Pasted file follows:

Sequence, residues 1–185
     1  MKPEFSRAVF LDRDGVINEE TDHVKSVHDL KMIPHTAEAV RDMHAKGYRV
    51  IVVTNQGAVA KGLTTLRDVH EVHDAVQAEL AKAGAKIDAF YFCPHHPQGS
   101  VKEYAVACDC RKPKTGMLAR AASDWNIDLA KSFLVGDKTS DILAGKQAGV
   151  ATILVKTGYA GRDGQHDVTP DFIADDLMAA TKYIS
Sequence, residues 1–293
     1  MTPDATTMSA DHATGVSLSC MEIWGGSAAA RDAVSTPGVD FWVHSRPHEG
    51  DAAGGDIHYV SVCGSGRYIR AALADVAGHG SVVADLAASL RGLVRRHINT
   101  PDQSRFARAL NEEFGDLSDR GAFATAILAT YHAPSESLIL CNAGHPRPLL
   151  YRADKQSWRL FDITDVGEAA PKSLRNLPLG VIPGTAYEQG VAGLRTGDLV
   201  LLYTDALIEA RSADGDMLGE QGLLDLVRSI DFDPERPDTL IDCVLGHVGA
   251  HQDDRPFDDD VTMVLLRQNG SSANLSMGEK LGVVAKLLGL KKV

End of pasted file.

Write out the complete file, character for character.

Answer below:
Sequence, residues 1–185
     1  MKPEFSRAVF LDRDGVINEE TDHVKSVHDL KMIPHTAEAV RDMHAKGYRV
    51  IVVTNQGAVA KGLTTLRDVH EVHDAVQAEL AKAGAKIDAF YFCPHHPQGS
   101  VKEYAVACDC RKPKTGMLAR AASDWNIDLA KSFLVGDKTS DILAGKQAGV
   151  ATILVKTGYA GRDGQHDVTP DFIADDLMAA TKYIS
Sequence, residues 1–293
     1  MTPDATTMSA DHATGVSLSC MEIWGGSAAA RDAVSTPGVD FWVHSRPHEG
    51  DAAGGDIHYV SVCGSGRYIR AALADVAGHG SVVADLAASL RGLVRRHINT
   101  PDQSRFARAL NEEFGDLSDR GAFATAILAT YHAPSESLIL CNAGHPRPLL
   151  YRADKQSWRL FDITDVGEAA PKSLRNLPLG VIPGTAYEQG VAGLRTGDLV
   201  LLYTDALIEA RSADGDMLGE QGLLDLVRSI DFDPERPDTL IDCVLGHVGA
   251  HQDDRPFDDD VTMVLLRQNG SSANLSMGEK LGVVAKLLGL KKV